MARTIN: ...State-sanctioned violence.



INSKEEP: Martin, captured here in a documentary, was among the protesters who excoriated police for a delay in releasing the video of Daniel Prude's death. Though a grand jury charged no one, protesters demanded the chief and the mayor resign. The mayor didn't but announced the chief was retiring.

Did you have a moment of saying, wait a minute, I'm the guy who actually can help you here?

SINGLETARY: Absolutely. I think many African American chiefs across the country were feeling that way. I'm from the community that you're from. I understand the issues that you have, and I'm trying to fix that.

INSKEEP: What do you think about activists who go for abolish the police?

SINGLETARY: That'll never happen (laughter). That'll never happen. You will always have an element within society that will try to take advantage of people who cannot defend themselves.

INSKEEP: We invited La'Ron Singletary and Stanley Martin to meet and question each other. They did not. Rochester's debate is so bitter that she said it would be wrong to meet, and his lawyer advised against it. Yet as he talked of the future of policing, Singletary used the same word that Stanley Martin does.

SINGLETARY: I think now we're looking at, you know, possibly reimagining police.

INSKEEP: Reimagining police, by which Singletary means training them to be mental health counselors, teachers, lawyers.

SINGLETARY: So that way we can hopefully prevent incidents like what will happened with Mr. Prude.

INSKEEP: An independent probe found both the chief and the mayor withheld information about Daniel Prude's death. But as she faces reelection, Mayor Lovely Warren now says that death revealed a need for change. We met at Rochester City Hall.

How would you define the problem?

LOVELY WARREN: So I think that you have a organization that's a military organization that technically is supposed to answer to civilians. That doesn't mesh well.

INSKEEP: The city is now testing what it calls person-in-crisis teams who give a non-police response to people with drug or mental health issues.

WAREN: The way to deal with that is not - in my mind, wasn't humane. And it is treated as a criminal matter instead of as a mental health matter. You know, police officers need to be utilized not when they're dealing with situations where it's someone is in a tailspin and needs mental health.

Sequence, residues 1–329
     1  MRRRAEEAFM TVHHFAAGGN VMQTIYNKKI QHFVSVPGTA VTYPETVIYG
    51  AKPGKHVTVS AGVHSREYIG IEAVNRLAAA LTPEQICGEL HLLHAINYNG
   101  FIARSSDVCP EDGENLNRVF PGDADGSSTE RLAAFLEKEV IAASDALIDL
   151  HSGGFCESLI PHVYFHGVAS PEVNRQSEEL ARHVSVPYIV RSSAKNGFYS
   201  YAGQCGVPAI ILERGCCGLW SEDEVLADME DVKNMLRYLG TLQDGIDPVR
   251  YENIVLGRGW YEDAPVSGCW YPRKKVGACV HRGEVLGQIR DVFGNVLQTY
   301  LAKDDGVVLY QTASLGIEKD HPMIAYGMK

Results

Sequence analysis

INSKEEP: If Mayor Warren wins another term, she won't be abolishing police. Her allies on the city council include Willie Lightfoot.

WILLIE LIGHTFOOT: There are still a lot of our seniors and a lot of folks who want our police. And when they call 911, they are - expect a police officer to show up.

INSKEEP: Yet Lightfoot's office is down the street from where Daniel Prude died. And he, too, talks of reimagining policing.

LIGHTFOOT: I deal a lot with addicts. And the biggest step that's told us - when they come to acknowledgement that they have a problem. We in this city have acknowledged that we have a problem. And we're taking steps to fix it.

INSKEEP: Lightfoot was a member of a commission that called for reforms like ending traffic stops for minor offenses or making prison a last resort for crime. Rochester's dialogue is changing, which brings to mind Rochester's favorite citizen, Frederick Douglass, the man whose statues are all over town.

He's got his palms upraised as if he's speaking, making a point, which is appropriate. He was a great antislavery speaker and also antislavery writer.

Douglass' democratic achievement was never to win an election. He used his words for decades. He never got all he wanted, yet urged his fellow citizens to reimagine what America could be - on our 50th anniversary. Transcript provided by NPR, Copyright NPR.

Steve Inskeep is a host of NPR's Morning Edition, as well as NPR's morning news podcast Up First.